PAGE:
“Jeff, over the past 6+ years, the investment portfolios of credit unions have grown approximately 112%. On average, they represent ~37% of the credit unions’ total assets.¹ Obviously, deposits have gone into the investment portfolio as member loans have not kept pace with deposit growth and overall cash flow. Regulators, though, are routinely reminding credit unions about managing interest rate risk. What has been your experience with this need to generate income but manage risk?” ¹ Source: Callahan Peer to Peer
Investment Portfolio Objectives
Conflicting Objectives While typically being 3rd in investment priority, the first question usually asked about a security purchased is “what is its yield?”
The Three Most Common Objectives in Investment Policy Statements:
The Challenge to Balance Income and Risk
Credit unions can typically ‘feel and spend’ current investment income but often find it difficult to ‘see and account for’ the preservation of future market value or the avoidance of a future loss.
Need for Interest Income
Portfolio Manager Dilemma How do you balance near-term need for income with long-term preservation?
Using the Portfolio as an Alternative to Loans or to Manage Risk
Loan Alternative Risk Management Use of investment portfolio to supplant credit union loans
Use of investment portfolio to manage balance sheet risk(s)
Used when loan growth is less than credit union cash flow and
investment growth is exceeding deposit growth
Used when liquid deposits becoming a large percentage of liabilities and/or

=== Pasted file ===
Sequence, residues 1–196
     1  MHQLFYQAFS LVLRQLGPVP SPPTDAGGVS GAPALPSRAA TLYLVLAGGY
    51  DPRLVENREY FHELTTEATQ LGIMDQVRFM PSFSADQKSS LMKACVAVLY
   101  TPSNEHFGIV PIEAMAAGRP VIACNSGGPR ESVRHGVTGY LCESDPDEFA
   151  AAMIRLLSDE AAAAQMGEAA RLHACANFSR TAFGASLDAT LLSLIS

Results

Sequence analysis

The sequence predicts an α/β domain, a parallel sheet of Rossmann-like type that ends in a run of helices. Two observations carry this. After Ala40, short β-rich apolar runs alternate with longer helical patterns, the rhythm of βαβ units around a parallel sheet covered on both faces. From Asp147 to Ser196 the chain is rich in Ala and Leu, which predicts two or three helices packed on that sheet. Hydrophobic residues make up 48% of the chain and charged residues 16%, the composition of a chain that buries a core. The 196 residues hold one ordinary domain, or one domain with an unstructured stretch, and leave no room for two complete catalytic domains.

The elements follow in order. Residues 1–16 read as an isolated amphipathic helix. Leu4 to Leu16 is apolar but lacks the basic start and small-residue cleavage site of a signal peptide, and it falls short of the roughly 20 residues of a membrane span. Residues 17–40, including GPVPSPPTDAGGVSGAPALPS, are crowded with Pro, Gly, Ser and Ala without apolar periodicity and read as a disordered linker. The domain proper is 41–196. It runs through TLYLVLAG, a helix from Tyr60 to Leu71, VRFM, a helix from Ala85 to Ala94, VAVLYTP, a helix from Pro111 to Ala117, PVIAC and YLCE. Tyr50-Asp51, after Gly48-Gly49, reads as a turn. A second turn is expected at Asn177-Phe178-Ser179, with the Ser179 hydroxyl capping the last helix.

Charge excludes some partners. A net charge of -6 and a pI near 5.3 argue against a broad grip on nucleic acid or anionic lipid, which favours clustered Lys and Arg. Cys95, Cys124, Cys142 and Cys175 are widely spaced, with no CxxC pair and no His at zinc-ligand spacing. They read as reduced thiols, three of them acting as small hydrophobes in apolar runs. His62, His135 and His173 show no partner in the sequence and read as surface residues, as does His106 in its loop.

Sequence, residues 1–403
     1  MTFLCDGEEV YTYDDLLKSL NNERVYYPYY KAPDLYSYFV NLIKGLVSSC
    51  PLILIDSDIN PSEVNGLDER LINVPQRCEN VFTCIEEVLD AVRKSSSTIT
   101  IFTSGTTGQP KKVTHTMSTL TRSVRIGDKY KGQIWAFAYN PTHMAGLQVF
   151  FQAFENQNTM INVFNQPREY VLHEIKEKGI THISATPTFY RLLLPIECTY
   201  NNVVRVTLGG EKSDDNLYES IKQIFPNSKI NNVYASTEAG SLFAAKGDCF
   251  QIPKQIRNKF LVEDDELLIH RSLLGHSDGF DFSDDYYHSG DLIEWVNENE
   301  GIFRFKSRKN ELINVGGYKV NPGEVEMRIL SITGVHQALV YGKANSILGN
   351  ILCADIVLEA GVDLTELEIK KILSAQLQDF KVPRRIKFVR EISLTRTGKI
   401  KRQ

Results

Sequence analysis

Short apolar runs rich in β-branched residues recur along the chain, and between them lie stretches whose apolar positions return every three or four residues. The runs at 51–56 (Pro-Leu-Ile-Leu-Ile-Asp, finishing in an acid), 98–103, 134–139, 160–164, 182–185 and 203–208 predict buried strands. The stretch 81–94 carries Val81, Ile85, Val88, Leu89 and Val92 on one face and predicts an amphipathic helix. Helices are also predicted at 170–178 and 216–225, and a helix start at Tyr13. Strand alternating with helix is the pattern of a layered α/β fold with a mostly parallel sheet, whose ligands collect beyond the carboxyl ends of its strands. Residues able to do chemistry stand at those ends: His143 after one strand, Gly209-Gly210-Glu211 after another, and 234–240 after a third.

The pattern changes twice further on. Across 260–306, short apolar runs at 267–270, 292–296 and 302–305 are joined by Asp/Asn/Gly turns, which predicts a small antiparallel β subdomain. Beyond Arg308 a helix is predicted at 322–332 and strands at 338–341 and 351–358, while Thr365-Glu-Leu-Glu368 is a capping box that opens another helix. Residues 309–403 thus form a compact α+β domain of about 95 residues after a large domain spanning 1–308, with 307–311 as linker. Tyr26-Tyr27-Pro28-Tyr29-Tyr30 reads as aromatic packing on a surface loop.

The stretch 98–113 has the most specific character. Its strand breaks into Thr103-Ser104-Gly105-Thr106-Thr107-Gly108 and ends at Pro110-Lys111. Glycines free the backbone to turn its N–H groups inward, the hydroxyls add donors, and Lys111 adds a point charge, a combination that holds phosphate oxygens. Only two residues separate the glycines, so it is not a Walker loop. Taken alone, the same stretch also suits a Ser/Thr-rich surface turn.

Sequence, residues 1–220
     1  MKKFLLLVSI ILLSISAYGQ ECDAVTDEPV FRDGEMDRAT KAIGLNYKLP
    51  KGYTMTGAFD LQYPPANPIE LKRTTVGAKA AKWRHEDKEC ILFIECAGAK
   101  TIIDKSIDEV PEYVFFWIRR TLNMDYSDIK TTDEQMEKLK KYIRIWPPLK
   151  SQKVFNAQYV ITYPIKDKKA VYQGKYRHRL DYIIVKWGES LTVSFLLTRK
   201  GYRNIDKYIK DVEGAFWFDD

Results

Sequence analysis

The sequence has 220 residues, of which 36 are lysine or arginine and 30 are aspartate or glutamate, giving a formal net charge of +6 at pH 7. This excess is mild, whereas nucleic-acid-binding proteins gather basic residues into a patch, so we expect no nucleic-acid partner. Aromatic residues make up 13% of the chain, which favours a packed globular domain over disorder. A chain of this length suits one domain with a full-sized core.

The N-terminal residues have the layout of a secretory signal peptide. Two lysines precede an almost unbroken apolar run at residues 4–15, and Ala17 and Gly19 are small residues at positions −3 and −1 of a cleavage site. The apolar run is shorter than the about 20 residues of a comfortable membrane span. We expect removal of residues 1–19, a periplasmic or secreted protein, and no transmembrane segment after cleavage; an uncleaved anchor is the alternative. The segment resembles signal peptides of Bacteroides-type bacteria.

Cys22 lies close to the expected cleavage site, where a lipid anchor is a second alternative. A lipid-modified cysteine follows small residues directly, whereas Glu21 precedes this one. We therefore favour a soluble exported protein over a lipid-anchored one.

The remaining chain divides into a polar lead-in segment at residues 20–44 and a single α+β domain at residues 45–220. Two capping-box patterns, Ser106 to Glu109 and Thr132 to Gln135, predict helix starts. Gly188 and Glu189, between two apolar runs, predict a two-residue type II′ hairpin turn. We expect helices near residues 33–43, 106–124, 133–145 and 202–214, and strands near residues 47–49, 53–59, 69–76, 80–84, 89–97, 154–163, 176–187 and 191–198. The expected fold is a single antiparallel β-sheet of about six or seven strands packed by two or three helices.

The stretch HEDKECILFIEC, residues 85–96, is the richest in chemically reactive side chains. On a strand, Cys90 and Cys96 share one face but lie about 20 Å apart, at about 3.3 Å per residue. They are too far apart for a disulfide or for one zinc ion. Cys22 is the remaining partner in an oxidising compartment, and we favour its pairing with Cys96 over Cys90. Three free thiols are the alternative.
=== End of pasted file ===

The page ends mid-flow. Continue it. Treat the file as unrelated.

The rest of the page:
long-term loans are a large percentage of assets
Focus on yield of investments Focus on rate sensitivity and/or extension of duration of investments
Risk is higher amortization expense, higher unrealized losses and/or
Risk is market yields do not rise quickly and/or sharply and the credit union forgoes higher near-term income
Balancing the need for income with the need to manage interest rate risk has created a “portfolio manager’s dilemma” in the current low rate environment.
Defining Your Credit Union’s Measure of Risk
“Michael, the greatest challenge that I have found in my 25 years managing balance sheet investments is that there is not a single definition of risk. I have found that members of Boards frequently blur their personal risk tolerance with that of the credit union. How do you help credit unions identify and define what risk they are willing to take?”
How Does Your Credit Union Define Risk?
Risk – an outcome that an investor is unable, unwilling or uncomfortable living with should the event occur.
Absent a clear risk benchmark, how does your credit union define risk?
Slower / faster return of principal
Downgrade / Bankruptcy
Average Life extension
Non-performing Loans /
Unrealized loss in
Unacceptable or no sell price
Change in NII, NEV or Capital
Too little liquidity
Managing is More than Just Investing
“Jeff, you managed client portfolios for 20 years prior to joining VyStar; what similarities and differences have you found between managing an investment portfolio internally versus externally? Also, any key takeaways you can share from your years of actively managing performance-benchmarked securities portfolios that would have some applicability for credit union investment managers?”
Needs of Credit Union Boards and ALCOs are the Same as Clients
Use same process as managing clients: 1. Objectives of balance sheet assets will change
2. Understand needs, and fears, of clients
3. Educate clients on investments
4. Inform on past performance
5. Prepare for future events
Listening to management and ALCO
1. We need $250,000, maybe $500,000, more income from the Investment Portfolio next year, can we get it done by year-end and what will it take?
2. The duration has increased by 0.5 to 2.0 over the past year, what is your target duration and are you buying securities with the intent to sell before maturity?
3. I do not want to take any more risk in the Investment Portfolio. Let’s reduce risk over the next year.
4. You have over 90% of the portfolio in MBS, how are you going to answer Regulators when they say that is too much real estate concentration?
5. I hear other credit unions are